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“Palm is a great company”?
Correction: Palm used to be an interesting company, four or five years ago. They’ve shipped nothing innovative since then.

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Jh @ January 12th, 2009 at 1:57 pm
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You’re a fool!!!

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Jh @ January 12th, 2009 at 1:58 pm
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As in Apple needs to take notice.. Everyone is copying the iPhone.

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Aviv @ January 9th, 2009 at 12:51 pm
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Hey jojo, haven’t heard from you in a few days. Anyways, you’re right. I truly think that Palm is making a resurgence with the Pre. Although part of me thinks we’re going to see a serious lawsuit come of some of the multi-touch gestures Palm has implemented.

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moby @ January 9th, 2009 at 12:55 pm
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check out this video of Palm’s long-haired horse looking investor explaining what seems like the most useless features ever: http://www.alleyinsider.com/2009/1/palm-investor-shows-off-pre-smartphone-on-cnbc-palm

PS: you guys are caught up in the QWERT keyboard and the screen’s resolution. This phone is bleh.

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D9 @ January 9th, 2009 at 1:24 pm
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blah, blah, blah…

So what exactly does this article tell us is setting the Palm Pre apart from Android or the iPhone or for that matter any smartphone. I see a few features but nothing revolutionary. What is the big deal with Pre? Certainly didn’t ascertain it from this article.

(FYI…I’m not trying to be sarcastic or some fanboy for the others…I’m just not reading what is substantial to this Palm offering)

/

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Aviv @ January 9th, 2009 at 1:27 pm
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D9, until we get to spend a few days or weeks with the Pre, it’s going to be hard to directly compare usability. But when zooming out and looking at the mobile industry, it seems that Palm has introduced a truly genuine competitor.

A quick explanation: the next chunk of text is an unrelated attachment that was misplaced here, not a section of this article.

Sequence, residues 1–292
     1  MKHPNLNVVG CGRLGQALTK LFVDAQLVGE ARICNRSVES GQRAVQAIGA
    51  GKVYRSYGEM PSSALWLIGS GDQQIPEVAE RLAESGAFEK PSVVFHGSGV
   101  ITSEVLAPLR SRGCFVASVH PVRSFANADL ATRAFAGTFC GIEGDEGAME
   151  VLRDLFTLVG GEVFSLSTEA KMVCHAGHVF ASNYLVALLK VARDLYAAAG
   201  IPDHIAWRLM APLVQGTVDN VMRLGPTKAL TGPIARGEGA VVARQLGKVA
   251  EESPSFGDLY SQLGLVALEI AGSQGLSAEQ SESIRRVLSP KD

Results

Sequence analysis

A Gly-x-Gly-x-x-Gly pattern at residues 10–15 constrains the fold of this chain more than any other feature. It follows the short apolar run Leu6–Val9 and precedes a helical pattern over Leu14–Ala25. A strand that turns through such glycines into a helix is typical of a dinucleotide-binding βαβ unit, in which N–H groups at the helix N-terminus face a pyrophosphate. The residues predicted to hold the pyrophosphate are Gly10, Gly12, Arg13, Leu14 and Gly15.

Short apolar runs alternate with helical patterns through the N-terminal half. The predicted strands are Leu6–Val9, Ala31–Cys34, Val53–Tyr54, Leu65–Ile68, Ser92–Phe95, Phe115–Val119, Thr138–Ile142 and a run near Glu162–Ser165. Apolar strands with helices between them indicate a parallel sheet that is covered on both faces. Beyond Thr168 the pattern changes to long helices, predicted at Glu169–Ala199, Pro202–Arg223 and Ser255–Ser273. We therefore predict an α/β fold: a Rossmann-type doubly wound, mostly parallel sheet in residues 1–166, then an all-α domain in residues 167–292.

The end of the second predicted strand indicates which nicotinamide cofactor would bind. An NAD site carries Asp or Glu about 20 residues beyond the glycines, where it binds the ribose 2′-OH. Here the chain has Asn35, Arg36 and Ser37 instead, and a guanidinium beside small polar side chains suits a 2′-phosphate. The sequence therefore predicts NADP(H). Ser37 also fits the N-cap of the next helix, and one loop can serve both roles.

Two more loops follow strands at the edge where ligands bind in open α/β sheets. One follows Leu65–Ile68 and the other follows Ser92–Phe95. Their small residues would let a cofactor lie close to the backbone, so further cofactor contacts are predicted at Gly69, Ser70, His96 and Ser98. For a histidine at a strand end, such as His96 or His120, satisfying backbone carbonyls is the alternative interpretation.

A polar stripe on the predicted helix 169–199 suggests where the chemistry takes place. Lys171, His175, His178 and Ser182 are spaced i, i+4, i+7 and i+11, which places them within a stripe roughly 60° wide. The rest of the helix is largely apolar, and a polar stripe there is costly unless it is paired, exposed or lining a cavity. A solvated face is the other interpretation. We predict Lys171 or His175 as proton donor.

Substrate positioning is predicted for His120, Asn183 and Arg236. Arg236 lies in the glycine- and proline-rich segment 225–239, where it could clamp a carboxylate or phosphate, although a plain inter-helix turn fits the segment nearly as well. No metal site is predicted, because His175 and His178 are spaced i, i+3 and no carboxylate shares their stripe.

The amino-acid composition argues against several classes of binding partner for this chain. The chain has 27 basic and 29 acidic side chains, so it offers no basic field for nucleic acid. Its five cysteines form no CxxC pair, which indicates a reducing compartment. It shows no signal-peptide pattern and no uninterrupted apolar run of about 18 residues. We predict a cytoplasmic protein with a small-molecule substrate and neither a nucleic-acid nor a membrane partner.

Something that doesn’t need to be ridiculously compared to the iPhone over and over again. But more so something that Apple should take notice to and innovate against.

I for one and extremely relieved to see some healthy competition in this space.

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Ryan @ January 10th, 2009 at 4:05 pm
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Am I the only one who thinks we might see a completely redesigned iPhone, or at the very least the next major revision of the iPhone OS (3.0) by the time the Pre actually ships?

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Aviv @ January 10th, 2009 at 4:07 pm
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@Ryan: Unless they announce a release date for this thing, the “delayed release hype” will overshadow the actual device. Unveiling a product with absolutely no release date in mind is kind of a low-brow move. “Hey! Everyone! Look at this prototype you can’t buy!”

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sloane @ January 29th, 2009 at 4:13 pm
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From what I read on Wired, it sounds like Apple may be devoting the bulk of its upgrade to its next version of the iPhone (2.x) to better gaming capacities.

Brand expert John Tantillo named Apple last week’s ‘brand winner’ (Microsoft was named the loser), specifically citing the fact that Apple, unlike Microsoft, pays attention to its Target Market and what it wants.

If Apple does allow the iPhone to evolve in the direction of gaming (rather than creating One version that improves options for gamers), I could see the Pre catching up with the iPhone–depending on what they plan to offer in future versions.

I don’t doubt that improved options for gamers may fit into an interest of some consumers (although I think that serious gamers would prefer playing at home, with a large TV screen, for hours on end..) – but IF this constitutes the main change in the evolution of the current iphone to the next version, I think that Apple will actually be ignoring the great part of its target market (non-gamers, yes, but also specifically Women.)
Tantillo actually had a post a while back on women as consumers of electronics–and how companies such as Best Buy had ignored these consumers and had started to mend their ways. Apple would be wise not to make the same sorts of mistakes.